There are some minor additions like the ability to weigh your baby, dog, or cat. The Miis for your pet or baby are adorable. If you want to weigh them then you have to hold your baby or pet while stepping on the balance board (while this sounds like a nice feature to have, it will probably be largely ignored or quickly forgotten, unless you are a person that always wants to know how much your pet or baby weighs). There is also a multiplayer option that allows you to play a couple of different activities in an alternating order, and compare each person's score to see who did better at a game.
The biggest addition to Wii Fit Plus are fifteen new balance activities which range from a couple of enhanced versions of balance games from the original Wii Fit, to brand new ones such as skateboarding, riding a Segway, and skateboarding. All the new activities control well and are very fun.
My two personal favorite activities are Bird's-Eye Bull's-Eye and the obstacle course.
In Bird's-Eye Bull's-Eye, your Mii dons a chicken suit and you must flap your arms in order to fly and land on specific platforms, ultimately trying to reach the goal within the time limit. In the obstacle course, you try to conquer a gauntlet of courses that progressively get harder within a time limit. All the courses seem to be inspired by Super Mario games, considering how you have to navigate through moving platforms, having to jump to other platforms while avoiding hazards such as a huge ball on a chain and huge rolling pins. The obstacle course mini-game proves that a platformer title can be theoretically played with just a Balance Board.
In terms of new exercises, Wii Fit Plus provides three new yoga exercises and three new strength training exercises. These new exercises are more intense when compared to most of the other exercises; each of them has a disclaimer stating that the exercise is more suited to advanced users that understand how to do the exercise properly. Fortunately these new exercises are a great addition to your workout routine. Sadly, there are no new aerobic activities.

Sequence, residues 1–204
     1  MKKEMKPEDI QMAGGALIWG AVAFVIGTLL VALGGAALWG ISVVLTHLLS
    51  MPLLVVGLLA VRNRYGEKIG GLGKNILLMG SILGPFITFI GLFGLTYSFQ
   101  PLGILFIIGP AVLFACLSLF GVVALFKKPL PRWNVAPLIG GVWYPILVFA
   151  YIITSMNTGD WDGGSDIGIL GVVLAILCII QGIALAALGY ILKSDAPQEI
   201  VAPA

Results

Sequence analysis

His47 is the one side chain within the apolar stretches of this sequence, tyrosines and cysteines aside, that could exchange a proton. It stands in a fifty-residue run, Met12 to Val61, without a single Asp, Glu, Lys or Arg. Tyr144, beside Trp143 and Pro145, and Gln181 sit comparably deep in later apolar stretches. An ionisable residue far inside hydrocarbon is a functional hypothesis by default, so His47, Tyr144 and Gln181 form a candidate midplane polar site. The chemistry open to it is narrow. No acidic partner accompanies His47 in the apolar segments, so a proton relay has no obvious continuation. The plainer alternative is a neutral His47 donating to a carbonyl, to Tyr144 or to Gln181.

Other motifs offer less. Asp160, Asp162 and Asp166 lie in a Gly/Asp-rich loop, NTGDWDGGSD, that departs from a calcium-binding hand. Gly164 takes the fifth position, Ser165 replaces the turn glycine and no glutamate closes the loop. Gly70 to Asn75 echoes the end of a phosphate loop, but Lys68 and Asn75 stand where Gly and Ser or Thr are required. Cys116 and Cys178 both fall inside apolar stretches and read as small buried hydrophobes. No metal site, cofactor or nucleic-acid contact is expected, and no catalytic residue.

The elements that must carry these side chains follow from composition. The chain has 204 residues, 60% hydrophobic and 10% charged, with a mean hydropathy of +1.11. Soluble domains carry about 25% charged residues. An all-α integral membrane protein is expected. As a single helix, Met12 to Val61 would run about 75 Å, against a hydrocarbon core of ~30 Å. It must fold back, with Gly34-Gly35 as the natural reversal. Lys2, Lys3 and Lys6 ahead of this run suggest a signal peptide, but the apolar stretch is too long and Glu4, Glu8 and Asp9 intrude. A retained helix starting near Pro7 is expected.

While the additions in Wii Fit Plus are excellent, there are a few issues. The most disappointing aspect is the limited scope of the custom routines. You are only allowed to select yoga or strength training exercises; it's disappointing that you can't add an aerobic activity or any balance games to the routine. You are also only allowed to have one custom routine at a time; if you want a new one you have to delete or alter your current one. Wii Fit Plus still uses BMI in a similar fashion to Wii Fit. If you weren’t a fan of the BMI system in the original, you won't be a fan of it now. Finally, the trainer feedback is very repetitive to the point of annoyance. It would have been nice if the trainers had a larger pool of feedback to give to the user, or simply feedback that was more meaningful.
Wii Fit Plus is ultimately a better product than the original Wii Fit. While Nintendo did address some of the first game's shortcomings with Wii Fit Plus, there are a couple of lingering issues. Fortunately they aren't overly detrimental. For owners of the first game, this $20 upgrade is worth it because you get a good amount of new content in addition to all the refinements found in Wii Fit Plus. For those who skipped the original Wii Fit, the Wii Fit Plus bundle is an excellent deal since you get the Balance Board and all the activities from Wii Fit and Wii Fit Plus.